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China slams brakes on Hollywood takeover, threatens outstanding deals

Chinese companies have poured billions into the U.S. entertainment industry in recent years, and for awhile their government has looked on with little intervention.

It seems that is changing, and the effects are reverberating through Hollywood and elsewhere in the industry.

Dalian Wanda Group Co. Ltd. recently scrapped a $1 billion deal to buy Dick Clark Productions Inc. While that is the only major deal cancellation to date, others, like Paramount Pictures $1 billion financing partnership with Shanghai Film Co. and Huahua Media, are stalled as a result of China's crackdown on money leaving its borders.

"If these companies have signed commitments, which they have, but have yet to fund those commitments, that could be an issue if they don't have capital outside the country already," Moody's analyst Neil Begley said in an interview.

Viacom Inc. executives previously have pointed to the Paramount financing deal as a centerpiece to the restructuring of the studio. Viacom CFO Wade Davis said on the company's most recent earnings call that the deal would fund 25% of the year's productions and "help us de-risk the entire 2017 slate." Those comments came after Viacom sent Davis to Hollywood to secure the financing and help restore Paramount to glory after a $450 million loss in fiscal year 2016. Viacom did not immediately respond to request for comment.

The deal would also serve as a way to release films in China under a coproduction strategy. China heavily restricts the timing and number of foreign films that can debut in its theaters, but those restrictions do not apply to coproductions between U.S. and Chinese entities.

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The pullback in financing has been coming for some time, argued Larry Namer, CEO of Metan Global Entertainment and founder of E! Entertainment. Namer's Metan Global produces digital and television entertainment for the Chinese market, but because his company focuses all its resources inside China, it has been relatively unaffected by the pullback. By contrast, many other Chinese investors and entertainment companies have been pouring money into Hollywood at a rate some might consider irresponsible, he said.

"For a while everybody in Hollywood thought Chinese people came here with suitcases full of cash, and it doesn't matter what you pitch them," he said.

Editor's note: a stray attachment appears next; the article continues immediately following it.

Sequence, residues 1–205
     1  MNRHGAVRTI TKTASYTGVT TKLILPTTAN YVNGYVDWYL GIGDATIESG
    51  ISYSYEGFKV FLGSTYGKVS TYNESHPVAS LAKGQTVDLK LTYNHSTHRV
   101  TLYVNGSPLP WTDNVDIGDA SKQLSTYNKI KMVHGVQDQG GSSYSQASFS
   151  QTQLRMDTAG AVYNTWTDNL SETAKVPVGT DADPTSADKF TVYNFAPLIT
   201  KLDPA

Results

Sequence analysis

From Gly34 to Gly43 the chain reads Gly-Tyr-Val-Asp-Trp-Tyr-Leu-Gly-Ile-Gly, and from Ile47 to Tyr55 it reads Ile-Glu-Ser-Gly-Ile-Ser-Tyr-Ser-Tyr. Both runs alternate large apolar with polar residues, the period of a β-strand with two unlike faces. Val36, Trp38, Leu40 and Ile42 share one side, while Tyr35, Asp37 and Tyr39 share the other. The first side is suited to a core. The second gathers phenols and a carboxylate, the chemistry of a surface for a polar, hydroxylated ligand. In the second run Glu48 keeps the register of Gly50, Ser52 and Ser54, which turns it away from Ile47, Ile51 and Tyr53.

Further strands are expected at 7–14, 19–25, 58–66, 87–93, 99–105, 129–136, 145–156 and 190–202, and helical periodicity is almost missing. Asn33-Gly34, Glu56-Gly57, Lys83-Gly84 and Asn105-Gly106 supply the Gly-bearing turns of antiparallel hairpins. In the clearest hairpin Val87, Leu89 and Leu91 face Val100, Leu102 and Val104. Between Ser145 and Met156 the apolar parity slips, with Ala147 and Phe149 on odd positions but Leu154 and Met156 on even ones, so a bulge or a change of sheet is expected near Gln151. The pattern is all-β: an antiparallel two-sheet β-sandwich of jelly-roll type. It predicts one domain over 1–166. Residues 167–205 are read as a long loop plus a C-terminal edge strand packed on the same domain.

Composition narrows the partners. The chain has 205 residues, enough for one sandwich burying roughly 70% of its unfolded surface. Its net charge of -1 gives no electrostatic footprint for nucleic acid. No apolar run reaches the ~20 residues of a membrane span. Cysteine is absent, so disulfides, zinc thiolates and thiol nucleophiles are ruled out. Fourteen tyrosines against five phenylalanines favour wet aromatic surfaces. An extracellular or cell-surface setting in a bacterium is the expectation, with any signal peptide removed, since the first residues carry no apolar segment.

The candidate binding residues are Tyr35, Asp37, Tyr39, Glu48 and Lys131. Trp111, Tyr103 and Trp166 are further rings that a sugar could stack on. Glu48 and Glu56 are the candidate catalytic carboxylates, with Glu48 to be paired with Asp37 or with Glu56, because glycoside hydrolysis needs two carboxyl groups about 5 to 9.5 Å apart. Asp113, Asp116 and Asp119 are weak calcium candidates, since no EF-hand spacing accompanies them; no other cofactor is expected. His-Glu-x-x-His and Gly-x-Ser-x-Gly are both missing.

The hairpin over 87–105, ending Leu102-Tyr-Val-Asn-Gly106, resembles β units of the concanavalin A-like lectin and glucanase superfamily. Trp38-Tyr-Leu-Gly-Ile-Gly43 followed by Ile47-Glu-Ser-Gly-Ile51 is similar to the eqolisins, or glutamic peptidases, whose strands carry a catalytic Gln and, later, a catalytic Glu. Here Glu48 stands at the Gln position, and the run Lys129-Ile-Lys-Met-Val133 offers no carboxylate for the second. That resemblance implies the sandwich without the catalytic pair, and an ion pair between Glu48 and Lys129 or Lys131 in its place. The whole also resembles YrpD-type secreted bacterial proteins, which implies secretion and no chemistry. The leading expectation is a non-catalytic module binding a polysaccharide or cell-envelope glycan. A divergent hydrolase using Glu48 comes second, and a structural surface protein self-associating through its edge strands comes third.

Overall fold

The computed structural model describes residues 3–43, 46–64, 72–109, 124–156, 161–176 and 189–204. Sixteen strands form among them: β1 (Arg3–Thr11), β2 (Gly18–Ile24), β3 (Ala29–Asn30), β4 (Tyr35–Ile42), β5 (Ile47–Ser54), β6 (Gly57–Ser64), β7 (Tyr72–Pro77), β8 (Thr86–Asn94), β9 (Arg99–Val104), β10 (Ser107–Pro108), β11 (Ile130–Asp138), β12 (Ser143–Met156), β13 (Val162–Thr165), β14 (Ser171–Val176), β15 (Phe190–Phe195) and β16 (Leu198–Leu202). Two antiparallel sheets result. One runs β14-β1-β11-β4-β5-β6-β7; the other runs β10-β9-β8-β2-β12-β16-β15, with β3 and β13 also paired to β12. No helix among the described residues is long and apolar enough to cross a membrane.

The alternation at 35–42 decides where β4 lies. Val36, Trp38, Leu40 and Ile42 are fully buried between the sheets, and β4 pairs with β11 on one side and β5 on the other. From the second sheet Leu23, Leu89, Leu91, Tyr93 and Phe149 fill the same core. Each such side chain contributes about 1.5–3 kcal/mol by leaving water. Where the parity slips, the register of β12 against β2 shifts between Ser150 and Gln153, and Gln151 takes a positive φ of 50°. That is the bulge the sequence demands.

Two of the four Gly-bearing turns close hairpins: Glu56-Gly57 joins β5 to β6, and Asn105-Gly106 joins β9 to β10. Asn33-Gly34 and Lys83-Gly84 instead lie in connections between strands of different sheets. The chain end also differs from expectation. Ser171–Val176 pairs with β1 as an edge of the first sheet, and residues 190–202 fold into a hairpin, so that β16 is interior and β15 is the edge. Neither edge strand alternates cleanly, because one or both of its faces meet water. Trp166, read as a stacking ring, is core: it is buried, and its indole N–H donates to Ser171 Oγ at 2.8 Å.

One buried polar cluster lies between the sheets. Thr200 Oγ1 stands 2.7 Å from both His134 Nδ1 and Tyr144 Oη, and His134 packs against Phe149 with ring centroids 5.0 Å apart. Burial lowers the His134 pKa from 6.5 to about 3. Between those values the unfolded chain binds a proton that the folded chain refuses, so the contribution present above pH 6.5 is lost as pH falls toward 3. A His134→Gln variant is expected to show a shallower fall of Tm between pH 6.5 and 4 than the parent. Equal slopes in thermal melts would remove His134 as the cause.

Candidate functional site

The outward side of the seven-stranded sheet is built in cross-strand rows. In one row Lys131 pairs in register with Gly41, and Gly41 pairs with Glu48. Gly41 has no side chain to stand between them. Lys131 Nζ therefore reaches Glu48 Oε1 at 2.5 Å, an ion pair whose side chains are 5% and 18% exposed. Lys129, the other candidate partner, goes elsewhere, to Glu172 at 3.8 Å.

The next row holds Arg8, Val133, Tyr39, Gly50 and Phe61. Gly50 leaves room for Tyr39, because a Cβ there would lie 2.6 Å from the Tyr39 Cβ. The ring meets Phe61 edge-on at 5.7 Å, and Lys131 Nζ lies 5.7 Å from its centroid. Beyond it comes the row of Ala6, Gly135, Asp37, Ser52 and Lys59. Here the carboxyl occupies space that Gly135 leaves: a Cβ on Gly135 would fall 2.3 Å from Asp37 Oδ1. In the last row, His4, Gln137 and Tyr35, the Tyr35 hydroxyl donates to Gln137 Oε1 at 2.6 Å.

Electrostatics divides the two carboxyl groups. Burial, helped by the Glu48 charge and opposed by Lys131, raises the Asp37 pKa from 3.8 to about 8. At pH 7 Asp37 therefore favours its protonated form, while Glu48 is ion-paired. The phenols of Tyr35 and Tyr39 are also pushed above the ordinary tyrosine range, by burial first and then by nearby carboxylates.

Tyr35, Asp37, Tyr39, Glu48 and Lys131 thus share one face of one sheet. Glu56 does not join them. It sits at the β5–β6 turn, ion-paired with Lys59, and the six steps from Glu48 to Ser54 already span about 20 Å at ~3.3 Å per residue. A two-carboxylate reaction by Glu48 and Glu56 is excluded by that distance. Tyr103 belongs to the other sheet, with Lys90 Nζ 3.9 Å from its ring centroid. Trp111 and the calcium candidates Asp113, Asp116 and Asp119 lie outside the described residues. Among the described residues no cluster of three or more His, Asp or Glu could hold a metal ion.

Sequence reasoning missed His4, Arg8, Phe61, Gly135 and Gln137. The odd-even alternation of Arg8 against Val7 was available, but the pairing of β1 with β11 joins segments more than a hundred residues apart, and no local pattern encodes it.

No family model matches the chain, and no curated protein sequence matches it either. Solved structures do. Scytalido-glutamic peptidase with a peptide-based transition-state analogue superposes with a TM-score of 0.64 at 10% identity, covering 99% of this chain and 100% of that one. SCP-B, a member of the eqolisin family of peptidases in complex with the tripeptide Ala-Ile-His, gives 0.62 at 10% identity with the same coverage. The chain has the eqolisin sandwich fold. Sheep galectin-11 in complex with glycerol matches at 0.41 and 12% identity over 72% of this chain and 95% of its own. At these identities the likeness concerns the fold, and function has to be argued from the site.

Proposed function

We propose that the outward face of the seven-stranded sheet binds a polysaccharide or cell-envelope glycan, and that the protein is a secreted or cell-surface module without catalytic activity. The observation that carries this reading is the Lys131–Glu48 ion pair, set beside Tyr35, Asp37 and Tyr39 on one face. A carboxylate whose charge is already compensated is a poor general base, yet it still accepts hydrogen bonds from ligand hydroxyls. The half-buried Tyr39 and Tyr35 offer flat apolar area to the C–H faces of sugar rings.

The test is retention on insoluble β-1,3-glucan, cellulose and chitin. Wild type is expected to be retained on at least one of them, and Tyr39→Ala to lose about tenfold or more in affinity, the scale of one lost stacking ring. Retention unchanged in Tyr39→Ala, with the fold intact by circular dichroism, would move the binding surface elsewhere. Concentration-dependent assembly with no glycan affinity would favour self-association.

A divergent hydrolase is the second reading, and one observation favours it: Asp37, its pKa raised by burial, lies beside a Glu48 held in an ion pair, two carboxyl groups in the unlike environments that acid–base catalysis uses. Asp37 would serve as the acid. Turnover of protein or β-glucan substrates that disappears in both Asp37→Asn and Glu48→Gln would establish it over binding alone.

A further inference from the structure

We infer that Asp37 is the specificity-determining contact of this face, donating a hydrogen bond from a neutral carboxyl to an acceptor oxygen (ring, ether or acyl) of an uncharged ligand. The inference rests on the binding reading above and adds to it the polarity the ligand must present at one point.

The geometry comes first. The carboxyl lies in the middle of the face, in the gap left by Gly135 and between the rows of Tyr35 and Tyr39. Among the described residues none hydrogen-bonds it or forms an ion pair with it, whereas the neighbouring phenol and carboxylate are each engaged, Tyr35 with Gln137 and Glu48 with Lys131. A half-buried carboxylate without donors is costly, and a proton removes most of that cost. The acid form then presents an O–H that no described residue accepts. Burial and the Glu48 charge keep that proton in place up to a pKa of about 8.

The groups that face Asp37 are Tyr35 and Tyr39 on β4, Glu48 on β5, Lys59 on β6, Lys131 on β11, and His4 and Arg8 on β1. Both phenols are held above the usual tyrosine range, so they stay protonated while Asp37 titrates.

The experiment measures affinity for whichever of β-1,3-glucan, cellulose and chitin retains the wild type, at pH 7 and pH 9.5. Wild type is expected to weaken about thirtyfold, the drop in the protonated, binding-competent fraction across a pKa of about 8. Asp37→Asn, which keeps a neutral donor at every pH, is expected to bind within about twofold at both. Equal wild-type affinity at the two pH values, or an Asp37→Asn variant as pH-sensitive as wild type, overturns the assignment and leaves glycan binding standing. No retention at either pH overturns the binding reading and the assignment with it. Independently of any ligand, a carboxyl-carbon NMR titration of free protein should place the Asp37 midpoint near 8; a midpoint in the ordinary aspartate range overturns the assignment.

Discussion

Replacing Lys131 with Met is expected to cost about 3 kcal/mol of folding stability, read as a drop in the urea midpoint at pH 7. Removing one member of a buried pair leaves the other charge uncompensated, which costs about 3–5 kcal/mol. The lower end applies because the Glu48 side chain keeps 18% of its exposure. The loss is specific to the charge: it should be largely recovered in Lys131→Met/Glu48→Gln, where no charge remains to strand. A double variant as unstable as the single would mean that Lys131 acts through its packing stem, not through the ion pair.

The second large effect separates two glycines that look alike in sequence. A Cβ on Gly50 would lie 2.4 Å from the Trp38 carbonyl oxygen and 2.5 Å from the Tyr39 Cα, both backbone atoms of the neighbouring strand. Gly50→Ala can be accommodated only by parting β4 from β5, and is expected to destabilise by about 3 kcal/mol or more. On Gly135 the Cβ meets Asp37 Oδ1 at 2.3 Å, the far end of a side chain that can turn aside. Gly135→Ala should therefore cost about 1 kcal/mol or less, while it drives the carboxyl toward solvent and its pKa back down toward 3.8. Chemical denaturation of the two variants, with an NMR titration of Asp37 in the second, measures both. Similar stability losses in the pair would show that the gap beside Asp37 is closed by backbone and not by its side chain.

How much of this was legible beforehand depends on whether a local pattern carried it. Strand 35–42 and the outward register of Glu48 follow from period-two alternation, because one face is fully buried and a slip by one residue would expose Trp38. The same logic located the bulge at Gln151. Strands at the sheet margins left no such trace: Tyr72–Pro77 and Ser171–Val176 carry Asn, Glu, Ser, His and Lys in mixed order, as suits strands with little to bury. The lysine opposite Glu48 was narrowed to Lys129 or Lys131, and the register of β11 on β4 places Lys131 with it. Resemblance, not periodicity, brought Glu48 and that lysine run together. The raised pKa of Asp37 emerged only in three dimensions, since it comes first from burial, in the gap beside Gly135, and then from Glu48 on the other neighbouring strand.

He pointed to the $1 billion Dick Clark Productions deal as a clear example of overspending. Moody's Begley said the $3.5 billion acquisition of Legendary Entertainment by Dalian Wanda also seemed "aggressive." The analyst said that the clamor to buy U.S. media and entertainment properties at high valuations is very "bubble-like," and the pullback is not that surprising given the recent activity.

While the Chinese government is restricting investments in Hollywood, Chinese companies also are becoming more savvy with their deal-making, Namer said. The Legendary Entertainment deal was considered overvalued by many in the industry, and the property is not performing well enough to justify the multiple Dalian Wanda paid, he added. This and other poorly conceived deals serve as warnings for future investors, Namer said.

But for many such deals, the Chinese buyers were not necessarily incentivized to bid at a competitive valuation. A Chinese buyer that overbids will likely win the deal, and then it can take that Hollywood brand name, package it in an IPO or other securities and sell it to Chinese investors for more than the deal valuation, largely on brand-recognition alone, Namer said. The practice of overcharging investors on an inflated valuation likely caught the attention of the Chinese authorities, who are seeking to stamp out the practice, he added.

While companies like Paramount, and perhaps other smaller names that depend heavily on cross-border partnerships with Chinese investors, may feel an outsized burn from China's pullback, the industry as a whole should only see short-term consequences, Begley said. China has been a major investor in recent years, so its absence will be felt, but many studios do not rely heavily on Chinese money, he noted. These studios use Chinese investments to reduce risk in a film slate, not as a means to obtain otherwise unattainable financing. Most of the major Hollywood studios have been consolidated into a handful of big conglomerates, which have plenty of access to internal financing and typically decent credit ratings.

"When it came to capital from China, many of these companies that were doing these deals were being opportunistic because they were getting good terms, and they were getting their foothold in the Chinese market," Begley said.

Namer agreed that any impact from the pullback will only be felt briefly. "It's a very sexy business, and there's always money that flows into Hollywood," he said.